"Black dogs may not be chosen for adoption as we initially only see the dogs' photos online before visiting them, and their features or expressions don't show up too well in the photos." – Jessica Leung, adopter of two black dogs
On how these dogs appear when they're in front of you, she adds “A lot of people are scared of big dogs and back off regardless of colour. But I think having a large black dog walk towards you at night may seem scary. As if they’re creeping out from the shadows or something, or it just shocks people as they can't see them at first and they seemingly pop out of nowhere.”
Two of Jessica Leung’s dogs, Sooty (left) and Drake (right).
As for the prejudice that black dogs are more aggressive, Jessica strongly disagrees. “Raven is a very happy dog, carefree and loyal. She's quite protective over the family, but not aggressive. Sooty, she sticks to me like glue, wary of new things but also curious. Both girls are extremely smart and loving.”
There seem to be varying views on whether our prejudice against black dogs exists, but there is one recurring point that age and size also affect dog adoption choice. According to SPCA, “Younger and smaller animals tend to be more popular due to the limited living space in Hong Kong. Some older animals, especially those with conditions that may require special care and potentially expensive medical expenses, find it more difficult to find a new home.”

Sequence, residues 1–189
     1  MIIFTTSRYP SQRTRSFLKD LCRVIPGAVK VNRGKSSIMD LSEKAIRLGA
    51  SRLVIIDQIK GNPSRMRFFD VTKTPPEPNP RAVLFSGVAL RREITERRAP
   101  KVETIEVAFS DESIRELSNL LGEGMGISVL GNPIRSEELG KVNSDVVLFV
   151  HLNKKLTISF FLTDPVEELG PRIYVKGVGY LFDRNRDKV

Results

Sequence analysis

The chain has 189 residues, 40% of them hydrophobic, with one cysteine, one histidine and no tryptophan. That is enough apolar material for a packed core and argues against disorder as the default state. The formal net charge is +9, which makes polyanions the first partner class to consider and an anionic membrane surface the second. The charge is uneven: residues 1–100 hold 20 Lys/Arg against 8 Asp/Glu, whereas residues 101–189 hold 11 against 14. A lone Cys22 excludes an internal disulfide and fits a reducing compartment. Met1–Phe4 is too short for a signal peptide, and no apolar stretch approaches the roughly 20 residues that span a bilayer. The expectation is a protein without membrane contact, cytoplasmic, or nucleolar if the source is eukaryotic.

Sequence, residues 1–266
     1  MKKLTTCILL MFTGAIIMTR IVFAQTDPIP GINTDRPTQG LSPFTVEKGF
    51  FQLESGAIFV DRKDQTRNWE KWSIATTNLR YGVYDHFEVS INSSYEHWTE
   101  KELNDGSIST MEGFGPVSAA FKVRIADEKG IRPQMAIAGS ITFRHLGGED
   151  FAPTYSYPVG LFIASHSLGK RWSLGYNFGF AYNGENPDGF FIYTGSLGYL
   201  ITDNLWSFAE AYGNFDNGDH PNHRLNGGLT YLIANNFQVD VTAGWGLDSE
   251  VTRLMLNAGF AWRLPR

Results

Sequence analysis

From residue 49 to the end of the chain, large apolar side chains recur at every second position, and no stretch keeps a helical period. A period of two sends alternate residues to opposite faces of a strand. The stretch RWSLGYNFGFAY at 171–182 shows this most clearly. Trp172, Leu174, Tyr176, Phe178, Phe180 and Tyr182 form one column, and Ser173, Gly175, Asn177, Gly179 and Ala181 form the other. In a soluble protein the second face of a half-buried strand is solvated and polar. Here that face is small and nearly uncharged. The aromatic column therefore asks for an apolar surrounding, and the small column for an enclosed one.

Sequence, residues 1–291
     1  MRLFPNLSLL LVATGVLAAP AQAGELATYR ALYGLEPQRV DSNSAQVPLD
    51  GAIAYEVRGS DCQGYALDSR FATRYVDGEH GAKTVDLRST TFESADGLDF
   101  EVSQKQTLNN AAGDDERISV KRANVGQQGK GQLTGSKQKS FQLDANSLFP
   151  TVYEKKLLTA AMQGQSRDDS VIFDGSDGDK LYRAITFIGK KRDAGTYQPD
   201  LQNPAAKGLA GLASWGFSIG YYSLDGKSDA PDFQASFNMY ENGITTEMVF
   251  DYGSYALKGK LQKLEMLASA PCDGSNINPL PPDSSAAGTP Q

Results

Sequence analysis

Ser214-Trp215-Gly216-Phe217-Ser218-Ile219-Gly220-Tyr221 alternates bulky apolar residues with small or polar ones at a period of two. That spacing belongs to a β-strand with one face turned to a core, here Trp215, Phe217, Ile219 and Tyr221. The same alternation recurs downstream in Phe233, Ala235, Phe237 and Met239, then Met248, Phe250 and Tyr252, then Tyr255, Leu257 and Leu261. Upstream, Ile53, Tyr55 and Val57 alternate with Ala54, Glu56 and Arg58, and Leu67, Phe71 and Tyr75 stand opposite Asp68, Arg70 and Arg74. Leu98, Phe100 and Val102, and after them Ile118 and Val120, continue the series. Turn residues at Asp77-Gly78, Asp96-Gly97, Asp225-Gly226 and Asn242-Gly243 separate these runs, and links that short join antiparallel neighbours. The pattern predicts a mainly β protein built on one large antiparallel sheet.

HKDR’s Sally agrees, “The biggest factor is the size for sure. We can find homes for smaller dogs of any colour, but the larger mixed breeds wait a long time, sometimes all their lives and they end up dying before finding a home.”
Molly, a mixed breed 10-year-old black dog is still waiting to be adopted at HKDR.
There is, however, no hard evidence or statistics supporting the struggles these dark-haired pups might be facing. But this strange mix of bias, irrational fear, and ‘supposed bad luck’, still lingers in the air at these dog shelters.
But it’s not just black dogs. There are already so many stray, injured and abused animals at shelters that are just waiting to be rescued. The SPCA stated that an AFCD report found more than 600 puppies are being sold in pet shops every single month. Meanwhile, the most recent government statistics revealed that 1,269 stray dogs and cats were caught in 2019. A year in which the rehoming rate of dogs and cats received by AFCD Animal Management Centres (AMCs) was only 28 percent, while the euthanization rate was about 48 percent.
I have to admit, a light coloured coat had caught my eye when I was looking for a dog to adopt at the shelter, but the truth of the matter is that a dog’s fur has nothing to do with its character or the connection that you're going to have with this animal. So, as I leave my prejudice at the kennel door and consider adopting a black dog myself, the big question is, will you?
If you are considering adopting, you can check out our list of where to adopt pets in Hong Kong for the shelters and rescue centres doing great work to save dogs, cats, rabbits, turtles, and more in the city.